On the House: Mortgages are the top consumer finance complaint

Category: Prevent Foreclosure
Published: Wednesday, 11 November 2015
Written by Super User

The complaint report to which Cordray refers is published monthly by the bureau and has been since 2011, when, if memory serves, the agency really got up and running.

Since then, it has received more mortgage-related complaints than complaints related to any other type of financial product.

As of Sept. 1, the bureau had handled 192,500 mortgage-related complaints. A familiar one regards continued problems experienced by homeowners trying to prevent foreclosure.

More than 50 percent of mortgage complaints have to do with the problems that consumers face when they are unable to make their payments.

Consumers complain of delays and a lack of information when applying for loan modifications.

In addition, consumers complain that servicers often move forward with foreclosure proceedings while the consumers modification application is still under review.

Heres a complaint I must get once a week: lack of information when loans are transferred.

Consumers report experiencing confusion and frustration about where to make their payments when their loans are transferred. And when the loan transfers occur, consumers complain that their payments often increase unexpectedly.

They also say that they do not feel properly informed about their loans being transferred.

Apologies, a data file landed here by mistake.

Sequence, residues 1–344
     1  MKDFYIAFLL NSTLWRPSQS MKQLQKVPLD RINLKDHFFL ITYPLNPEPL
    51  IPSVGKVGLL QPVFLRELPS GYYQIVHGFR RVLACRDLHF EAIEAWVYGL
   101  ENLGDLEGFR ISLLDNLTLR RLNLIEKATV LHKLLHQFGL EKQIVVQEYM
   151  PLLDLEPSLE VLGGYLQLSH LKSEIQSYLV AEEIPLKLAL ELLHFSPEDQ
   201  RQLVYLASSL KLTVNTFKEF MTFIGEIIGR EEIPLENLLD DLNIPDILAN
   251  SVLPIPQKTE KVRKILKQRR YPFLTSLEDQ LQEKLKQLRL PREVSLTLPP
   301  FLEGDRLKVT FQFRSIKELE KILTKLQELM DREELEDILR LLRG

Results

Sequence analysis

Having trouble making payments is another biggie.

Nearly one-third of mortgage complaints came from consumers saying that they have trouble making the proper payments on their loans.

They describe mortgage companies not accepting payments of anything less than the full balance owed, or finding that their payments were not properly applied despite their instructions.

In August, the most complained about financial product or service was debt collection, representing about 29 percent of complaints submitted.

Of the 25,732 complaints handled in August, 7,582 were on debt collection.

The second most complained about consumer product was credit reporting, accounting for 5,733 complaints.

In a year-to-year comparison, consumer-loan complaints, including pawn loans, title loans, and installment loans, showed the greatest percentage increase: 47 percent, nearly doubling from last year.

Payday-loan complaints showed the greatest percentage decrease - 12 percent - over the same three-month (June-August) period in 2014 and 2015. They decreased from 526 complaints in 2014 to 463 in 2015.

The Consumer Financial Protection Bureau expects companies to respond to complaints, and to describe the steps they have taken or plan to take to resolve the complaint within 15 days of receipt.

The bureau expects companies to close all but the most complicated complaints within 60 days.

To register your grievances, go to or call the toll-free number at 1-855-411-2372.

This email address is being protected from spambots. You need JavaScript enabled to view it.